A novel for high school students that is clearly meant to shock. And it does.
Professot Meinhoff is an American Biologist who invents a virus that is meant to cure diseases that are ethnically selective. He understands that such viruses could also be used for evil as they are capable of being used to wipe races out without touching others. Mankind is littered with evil men who have tried to do this.
Meinhoff creates a virus that works on the melanin in skin pigmentation which if put in the water supply of American cities could wipe out black Afro Americans without touching the white population. Fortunately Meinhoff is a genius and can hold all the formulae and gene structures in his head without putting them to paper or keeping computer files.
A white supremacist gang capture Meinhoff while he is lecturing in New Zealand but things go wrong and a group of intellectually gifted year 13 high school students are kidnapped at the same time along with their vivacious teacher Bernie. The gang is hell bent on getting Meinhoff’s secrets out of him by fair means or foul and there are going to be casualties.
Each student has their own quirks and problems but none more so than Joe who speaks very little, has spacey moments and hasn’t been right since an accident when he was 10 years old. He narrates the novel and it is his story that is the second part of the shock syndrome of this novel along with the Stockhlom Syndrome effects on the teacher Bernie.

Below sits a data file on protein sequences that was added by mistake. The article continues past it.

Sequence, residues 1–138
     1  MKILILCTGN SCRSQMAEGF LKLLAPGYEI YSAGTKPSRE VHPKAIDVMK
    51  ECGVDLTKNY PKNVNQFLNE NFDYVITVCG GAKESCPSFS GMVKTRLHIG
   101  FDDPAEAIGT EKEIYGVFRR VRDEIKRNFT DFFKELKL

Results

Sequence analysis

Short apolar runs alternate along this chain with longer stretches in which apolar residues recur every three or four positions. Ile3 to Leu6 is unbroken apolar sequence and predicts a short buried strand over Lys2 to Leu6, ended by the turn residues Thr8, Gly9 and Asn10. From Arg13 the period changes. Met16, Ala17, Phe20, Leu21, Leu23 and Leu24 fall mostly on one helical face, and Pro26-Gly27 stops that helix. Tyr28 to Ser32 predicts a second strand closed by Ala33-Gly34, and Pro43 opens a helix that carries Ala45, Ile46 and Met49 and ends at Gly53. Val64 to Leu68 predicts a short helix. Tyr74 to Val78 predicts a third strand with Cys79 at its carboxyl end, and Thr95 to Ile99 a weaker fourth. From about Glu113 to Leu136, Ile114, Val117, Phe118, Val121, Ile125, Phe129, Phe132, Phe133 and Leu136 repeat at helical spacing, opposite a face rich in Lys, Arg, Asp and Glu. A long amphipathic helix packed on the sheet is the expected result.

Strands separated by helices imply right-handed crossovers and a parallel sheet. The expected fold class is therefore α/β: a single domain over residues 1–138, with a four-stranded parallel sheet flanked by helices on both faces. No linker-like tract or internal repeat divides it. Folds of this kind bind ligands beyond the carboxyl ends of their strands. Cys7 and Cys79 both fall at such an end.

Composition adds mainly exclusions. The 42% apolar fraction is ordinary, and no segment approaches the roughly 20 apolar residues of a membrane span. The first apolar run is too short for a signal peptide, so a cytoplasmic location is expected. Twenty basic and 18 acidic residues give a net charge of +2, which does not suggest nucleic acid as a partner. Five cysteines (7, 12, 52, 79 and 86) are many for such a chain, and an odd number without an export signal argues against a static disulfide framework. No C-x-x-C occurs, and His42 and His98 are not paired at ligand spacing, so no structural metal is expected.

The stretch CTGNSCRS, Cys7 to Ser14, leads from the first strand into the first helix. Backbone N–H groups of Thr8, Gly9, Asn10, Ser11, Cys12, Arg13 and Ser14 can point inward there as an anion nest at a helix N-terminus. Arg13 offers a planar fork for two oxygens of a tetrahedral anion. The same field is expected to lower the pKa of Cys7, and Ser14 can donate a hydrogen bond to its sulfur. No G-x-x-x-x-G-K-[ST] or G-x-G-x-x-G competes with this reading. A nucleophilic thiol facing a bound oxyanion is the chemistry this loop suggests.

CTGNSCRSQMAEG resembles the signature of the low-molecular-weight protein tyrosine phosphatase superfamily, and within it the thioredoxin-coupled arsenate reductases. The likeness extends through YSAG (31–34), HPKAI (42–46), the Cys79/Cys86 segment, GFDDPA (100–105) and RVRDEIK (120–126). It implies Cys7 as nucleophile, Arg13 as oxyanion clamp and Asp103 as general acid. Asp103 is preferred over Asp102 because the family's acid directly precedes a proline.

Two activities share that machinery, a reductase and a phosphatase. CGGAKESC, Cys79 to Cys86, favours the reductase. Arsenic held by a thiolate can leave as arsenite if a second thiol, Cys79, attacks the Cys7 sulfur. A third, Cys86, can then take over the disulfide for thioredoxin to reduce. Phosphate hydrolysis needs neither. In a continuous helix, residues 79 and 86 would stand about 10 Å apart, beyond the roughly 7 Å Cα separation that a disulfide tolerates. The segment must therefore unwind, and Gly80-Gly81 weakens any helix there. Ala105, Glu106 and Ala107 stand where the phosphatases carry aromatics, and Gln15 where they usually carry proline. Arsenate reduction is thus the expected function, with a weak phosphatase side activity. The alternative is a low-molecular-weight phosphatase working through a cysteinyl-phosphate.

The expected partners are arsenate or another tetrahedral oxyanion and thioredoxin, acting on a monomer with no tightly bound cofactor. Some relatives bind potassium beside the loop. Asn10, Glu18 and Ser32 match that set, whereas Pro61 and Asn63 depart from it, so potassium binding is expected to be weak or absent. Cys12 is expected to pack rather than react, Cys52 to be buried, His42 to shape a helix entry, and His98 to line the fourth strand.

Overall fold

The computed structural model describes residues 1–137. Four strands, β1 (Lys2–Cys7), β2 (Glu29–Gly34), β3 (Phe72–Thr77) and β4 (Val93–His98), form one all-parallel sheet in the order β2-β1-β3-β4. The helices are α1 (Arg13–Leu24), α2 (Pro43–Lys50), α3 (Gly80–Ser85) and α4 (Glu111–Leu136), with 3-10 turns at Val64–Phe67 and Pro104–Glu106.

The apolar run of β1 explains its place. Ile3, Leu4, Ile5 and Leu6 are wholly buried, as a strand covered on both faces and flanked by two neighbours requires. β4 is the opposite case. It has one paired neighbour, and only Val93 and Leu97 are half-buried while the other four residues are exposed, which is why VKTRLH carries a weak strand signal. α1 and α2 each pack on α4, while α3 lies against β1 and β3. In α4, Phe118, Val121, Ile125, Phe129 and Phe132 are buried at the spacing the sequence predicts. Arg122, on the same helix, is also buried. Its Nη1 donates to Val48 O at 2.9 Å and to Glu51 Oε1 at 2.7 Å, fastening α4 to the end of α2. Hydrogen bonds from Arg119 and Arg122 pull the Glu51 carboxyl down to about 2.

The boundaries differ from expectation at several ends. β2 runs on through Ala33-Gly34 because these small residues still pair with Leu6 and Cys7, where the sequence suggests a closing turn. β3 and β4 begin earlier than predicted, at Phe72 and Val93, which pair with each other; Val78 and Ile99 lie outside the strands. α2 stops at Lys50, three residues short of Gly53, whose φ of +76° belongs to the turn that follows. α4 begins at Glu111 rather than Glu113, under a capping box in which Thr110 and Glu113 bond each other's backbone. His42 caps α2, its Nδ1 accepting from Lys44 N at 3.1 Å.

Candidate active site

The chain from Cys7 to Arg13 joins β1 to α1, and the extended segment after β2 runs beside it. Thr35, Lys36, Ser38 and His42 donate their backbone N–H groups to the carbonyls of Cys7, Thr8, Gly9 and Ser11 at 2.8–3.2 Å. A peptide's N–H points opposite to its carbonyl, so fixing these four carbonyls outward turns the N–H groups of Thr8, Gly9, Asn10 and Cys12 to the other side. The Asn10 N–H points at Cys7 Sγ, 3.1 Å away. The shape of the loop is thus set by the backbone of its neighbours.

I will let you the reader decide how effective this novel is. Sexual abuse is not an easy topic to discuss in a YA novel.
Kevin Brooks is one of the best writers of Realism for Young Adults in the world of children’s literature. Killing God lives up to the awesome standard that he has set with his previous books Candy, Being, Martyn Pig and Road of the Dead.
This story is about Dawn who is in a dreadful state psychologically. She is 15 years old but has an inner secret self who is 2 years younger due to a dreadful event that happened to her at that age. The book is about getting that out into the open, and Brooks is a master at doing this.
Dawn lives with her mother who is a sad case. She lies around all day getting drunk and watching television. Dawn is a loner. But the two have a secret that keeps them going, that is related to the disappearance of the father and husband two years earlier.
When two worldly and brazen girls, Mel and Taylor, come into Dawn’s life, all that has been hidden comes to the surface in a dramatic way.
This is a riveting tale that maintains suspense throughout and also gives vent to the existence or not of God and the relevance of God in the life of someone who feels they have been forsaken.
The music and lyrics of the band Jesus and Mary Chain are spread throughout the text in a meaningful way.
If you like realism at it’s starkest and most thought provoking, then this is the book for you. Definitely Young Adult or Senior Secondary.